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Estate Planning

Discretionary Trusts

Your assets should be distributed at the most appropriate time. The timing of an asset transfer can have significant tax effects, reducing the net amount of any distribution.

Your estate is often exposed to the financial and personal circumstances of your beneficiaries. You should consider the possibility that at the time a beneficiary inherits part of your estate, they could be a minor or spendthrift, or experiencing financial or relationship difficulties.  The timing of the distribution is therefore critical. If the assets are distributed at an inappropriate time, they may be lost to creditors and ex-spouses or misused by minors and spendthrifts.

The best way to ensure that your assets are distributed at the appropriate time is to establish a discretionary trust (including a testamentary trust). Such a trust provides the trustee with full discretion and flexibility as to how, when and to whom the assets are to be distributed. There are a number of examples that illustrate this point. They are;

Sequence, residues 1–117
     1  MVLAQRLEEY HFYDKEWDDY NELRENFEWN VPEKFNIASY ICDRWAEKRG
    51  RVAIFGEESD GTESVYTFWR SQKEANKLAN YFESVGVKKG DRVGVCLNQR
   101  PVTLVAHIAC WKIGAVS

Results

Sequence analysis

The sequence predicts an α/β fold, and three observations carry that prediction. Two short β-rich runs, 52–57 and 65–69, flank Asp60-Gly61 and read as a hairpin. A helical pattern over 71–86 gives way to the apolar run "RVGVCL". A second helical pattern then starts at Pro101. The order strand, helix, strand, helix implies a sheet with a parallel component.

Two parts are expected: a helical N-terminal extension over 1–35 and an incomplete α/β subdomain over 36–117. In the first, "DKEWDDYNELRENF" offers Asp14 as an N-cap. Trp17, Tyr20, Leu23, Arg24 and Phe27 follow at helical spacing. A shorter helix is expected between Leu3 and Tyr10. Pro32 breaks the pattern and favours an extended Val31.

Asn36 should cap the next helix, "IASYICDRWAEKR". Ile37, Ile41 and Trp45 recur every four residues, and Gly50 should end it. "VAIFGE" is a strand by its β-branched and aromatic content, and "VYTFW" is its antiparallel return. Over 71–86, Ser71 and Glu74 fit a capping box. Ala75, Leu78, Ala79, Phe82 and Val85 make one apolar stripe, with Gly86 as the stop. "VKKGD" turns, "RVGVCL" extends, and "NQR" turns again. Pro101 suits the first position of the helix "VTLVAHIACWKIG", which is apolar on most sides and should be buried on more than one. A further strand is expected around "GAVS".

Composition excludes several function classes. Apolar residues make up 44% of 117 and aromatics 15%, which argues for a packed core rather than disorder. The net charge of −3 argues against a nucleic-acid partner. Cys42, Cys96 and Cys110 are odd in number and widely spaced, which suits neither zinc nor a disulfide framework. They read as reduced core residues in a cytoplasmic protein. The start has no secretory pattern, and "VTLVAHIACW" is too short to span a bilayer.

• If a beneficiary is a bankrupt or has a number of creditors, the trustee may decide not to distribute any assets until the beneficiary has been discharged and the creditors have been paid. Delaying distribution in this instance would protect the assets.
  • If a beneficiary is a minor or spendthrift, the trustee may distribute as much of the income and property that is required for day-to-day living expenses and delay the full distribution of the assets. This would assist in preserving assets for the future.
  • the trustee may run  his or her discretion to distribute income in a tax effective manner. A greater amount of income may be distributed to those beneficiaries who will be paying the least amount of tax.